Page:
Coleman Watson never thought he would be a filmmaker or artist; sometimes life calls you on a bigger mission, though. Before film, he was an intellectual property attorney who litigated more than 200 patent, trademark, and copyright cases over 12 years in the U.S, including a petition for a writ of certiorari in the Supreme Court. Coleman is an engineer by training, and after receiving his undergraduate degree from Georgia Tech, he attended New York Law School. Prior to launching his own law firm, Coleman worked for a major U.S. national law firm ranked on the Am 100. He was on track, eventually, to be a federal judge.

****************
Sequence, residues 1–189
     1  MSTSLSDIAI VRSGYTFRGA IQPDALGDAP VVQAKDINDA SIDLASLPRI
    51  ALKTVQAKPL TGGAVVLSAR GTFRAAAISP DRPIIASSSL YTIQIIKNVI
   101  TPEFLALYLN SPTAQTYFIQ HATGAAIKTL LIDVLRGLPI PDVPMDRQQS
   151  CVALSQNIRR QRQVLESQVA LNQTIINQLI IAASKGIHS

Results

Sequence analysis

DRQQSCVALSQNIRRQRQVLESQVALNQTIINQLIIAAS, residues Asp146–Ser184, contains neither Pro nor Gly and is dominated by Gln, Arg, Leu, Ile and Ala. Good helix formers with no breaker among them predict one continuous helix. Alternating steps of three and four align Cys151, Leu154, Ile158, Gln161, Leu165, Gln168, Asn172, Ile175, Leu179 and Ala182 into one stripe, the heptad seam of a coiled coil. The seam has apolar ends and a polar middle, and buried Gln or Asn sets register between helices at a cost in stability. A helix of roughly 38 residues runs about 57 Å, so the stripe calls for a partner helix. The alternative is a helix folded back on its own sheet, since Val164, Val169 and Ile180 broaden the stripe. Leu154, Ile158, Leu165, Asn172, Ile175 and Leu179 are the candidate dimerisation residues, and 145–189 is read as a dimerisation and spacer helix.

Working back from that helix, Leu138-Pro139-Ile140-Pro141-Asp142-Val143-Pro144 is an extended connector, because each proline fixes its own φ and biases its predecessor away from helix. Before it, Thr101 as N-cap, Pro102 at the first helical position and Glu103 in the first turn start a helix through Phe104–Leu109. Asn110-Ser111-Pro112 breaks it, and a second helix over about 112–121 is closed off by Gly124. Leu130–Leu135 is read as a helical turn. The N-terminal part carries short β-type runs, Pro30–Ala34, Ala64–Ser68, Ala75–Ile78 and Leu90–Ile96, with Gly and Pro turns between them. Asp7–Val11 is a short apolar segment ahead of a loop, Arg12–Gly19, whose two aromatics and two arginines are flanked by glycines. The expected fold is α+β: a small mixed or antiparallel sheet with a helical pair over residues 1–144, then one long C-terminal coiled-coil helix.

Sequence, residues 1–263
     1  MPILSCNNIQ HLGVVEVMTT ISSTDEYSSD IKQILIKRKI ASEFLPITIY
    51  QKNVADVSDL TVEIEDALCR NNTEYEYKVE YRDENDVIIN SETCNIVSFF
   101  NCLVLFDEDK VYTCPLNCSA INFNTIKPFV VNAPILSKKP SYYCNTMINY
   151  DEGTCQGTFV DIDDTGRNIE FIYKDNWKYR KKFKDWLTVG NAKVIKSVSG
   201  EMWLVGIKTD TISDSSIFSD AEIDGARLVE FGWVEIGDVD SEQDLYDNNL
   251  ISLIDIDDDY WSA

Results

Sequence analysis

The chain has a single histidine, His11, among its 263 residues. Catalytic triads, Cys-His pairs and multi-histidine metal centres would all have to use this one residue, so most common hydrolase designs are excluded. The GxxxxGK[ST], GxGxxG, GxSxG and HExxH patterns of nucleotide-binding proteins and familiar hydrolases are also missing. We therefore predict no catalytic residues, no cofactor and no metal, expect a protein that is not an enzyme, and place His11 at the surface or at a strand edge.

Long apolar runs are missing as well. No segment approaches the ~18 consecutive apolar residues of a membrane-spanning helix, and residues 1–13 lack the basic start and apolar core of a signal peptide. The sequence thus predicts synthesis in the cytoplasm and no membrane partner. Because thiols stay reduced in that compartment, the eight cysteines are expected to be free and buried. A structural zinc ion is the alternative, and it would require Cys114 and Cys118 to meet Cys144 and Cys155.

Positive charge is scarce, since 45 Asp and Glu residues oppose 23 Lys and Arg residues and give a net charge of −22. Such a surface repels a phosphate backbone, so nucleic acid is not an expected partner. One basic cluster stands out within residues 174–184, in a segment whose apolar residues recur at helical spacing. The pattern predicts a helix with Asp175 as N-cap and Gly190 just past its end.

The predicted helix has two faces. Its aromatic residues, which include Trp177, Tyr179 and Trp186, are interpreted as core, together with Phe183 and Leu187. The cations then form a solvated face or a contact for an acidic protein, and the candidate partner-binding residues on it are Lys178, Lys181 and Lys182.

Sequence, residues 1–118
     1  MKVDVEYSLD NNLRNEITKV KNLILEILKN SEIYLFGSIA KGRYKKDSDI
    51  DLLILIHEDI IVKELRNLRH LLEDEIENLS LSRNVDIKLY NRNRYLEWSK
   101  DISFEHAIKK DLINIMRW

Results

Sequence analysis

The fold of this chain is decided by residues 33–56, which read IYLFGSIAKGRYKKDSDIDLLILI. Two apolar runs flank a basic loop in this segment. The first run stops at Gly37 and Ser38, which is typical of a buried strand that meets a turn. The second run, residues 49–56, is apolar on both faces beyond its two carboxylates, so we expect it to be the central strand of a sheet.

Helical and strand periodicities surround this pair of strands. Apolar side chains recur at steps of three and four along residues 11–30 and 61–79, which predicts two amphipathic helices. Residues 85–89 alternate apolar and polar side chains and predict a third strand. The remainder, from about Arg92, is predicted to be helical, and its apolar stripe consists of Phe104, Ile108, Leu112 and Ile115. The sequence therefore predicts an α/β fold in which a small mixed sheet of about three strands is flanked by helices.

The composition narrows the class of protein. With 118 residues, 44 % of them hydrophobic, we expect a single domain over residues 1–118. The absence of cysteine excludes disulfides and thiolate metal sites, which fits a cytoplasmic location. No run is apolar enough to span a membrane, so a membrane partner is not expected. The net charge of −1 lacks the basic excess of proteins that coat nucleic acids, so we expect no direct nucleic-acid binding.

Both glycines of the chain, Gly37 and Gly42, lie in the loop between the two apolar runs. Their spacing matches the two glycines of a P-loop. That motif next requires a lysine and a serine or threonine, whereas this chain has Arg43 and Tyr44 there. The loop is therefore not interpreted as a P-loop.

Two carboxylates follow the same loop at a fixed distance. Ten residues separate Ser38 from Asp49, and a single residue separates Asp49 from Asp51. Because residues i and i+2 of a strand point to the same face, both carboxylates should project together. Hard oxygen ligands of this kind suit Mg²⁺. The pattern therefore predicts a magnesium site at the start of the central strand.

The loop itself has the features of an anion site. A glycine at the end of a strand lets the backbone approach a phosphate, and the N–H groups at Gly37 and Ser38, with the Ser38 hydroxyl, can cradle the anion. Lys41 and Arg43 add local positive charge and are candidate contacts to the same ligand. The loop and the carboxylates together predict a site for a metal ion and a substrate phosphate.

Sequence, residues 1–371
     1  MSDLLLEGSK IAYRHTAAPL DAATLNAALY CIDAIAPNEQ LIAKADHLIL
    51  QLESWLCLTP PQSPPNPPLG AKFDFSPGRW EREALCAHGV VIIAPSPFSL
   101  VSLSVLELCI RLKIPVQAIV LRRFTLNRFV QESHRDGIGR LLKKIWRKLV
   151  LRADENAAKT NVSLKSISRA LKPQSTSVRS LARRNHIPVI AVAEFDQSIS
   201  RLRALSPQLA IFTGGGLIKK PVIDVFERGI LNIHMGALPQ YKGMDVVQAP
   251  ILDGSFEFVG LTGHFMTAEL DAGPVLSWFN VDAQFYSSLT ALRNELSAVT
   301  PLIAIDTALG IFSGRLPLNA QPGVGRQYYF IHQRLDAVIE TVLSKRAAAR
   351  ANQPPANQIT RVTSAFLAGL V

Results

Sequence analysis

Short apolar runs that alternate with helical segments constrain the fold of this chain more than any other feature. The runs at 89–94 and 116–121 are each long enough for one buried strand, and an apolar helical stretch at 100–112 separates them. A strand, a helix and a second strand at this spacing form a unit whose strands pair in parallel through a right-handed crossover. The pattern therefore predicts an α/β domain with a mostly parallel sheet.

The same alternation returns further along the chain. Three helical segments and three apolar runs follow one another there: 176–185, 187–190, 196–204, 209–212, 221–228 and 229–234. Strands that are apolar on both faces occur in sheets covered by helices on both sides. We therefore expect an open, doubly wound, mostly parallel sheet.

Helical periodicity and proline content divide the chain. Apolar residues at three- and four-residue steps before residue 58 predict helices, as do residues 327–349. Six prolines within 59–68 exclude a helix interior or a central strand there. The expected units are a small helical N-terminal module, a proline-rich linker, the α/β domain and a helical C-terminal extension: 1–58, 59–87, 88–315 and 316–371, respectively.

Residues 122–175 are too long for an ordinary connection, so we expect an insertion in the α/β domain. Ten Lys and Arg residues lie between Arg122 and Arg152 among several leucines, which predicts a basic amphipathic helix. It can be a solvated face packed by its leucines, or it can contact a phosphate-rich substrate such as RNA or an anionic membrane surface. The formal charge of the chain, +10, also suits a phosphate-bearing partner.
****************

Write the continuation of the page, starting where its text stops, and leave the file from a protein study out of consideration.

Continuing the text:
In spite of this, at 41, he had a sudden stroke with no warning signs. He was then diagnosed with aphasia and apraxia, two speech disorders. He literally went from arguing high-stake cases in federal court one day, to being unable to understand speech, reading, and writing the next day. Following his diagnosis, he started project-based speech therapy that culminated in his own self-made documentary, păh, on speechism and the disability experience. Coleman aims to make more films on the underrepresented that capture the unwavering human spirit.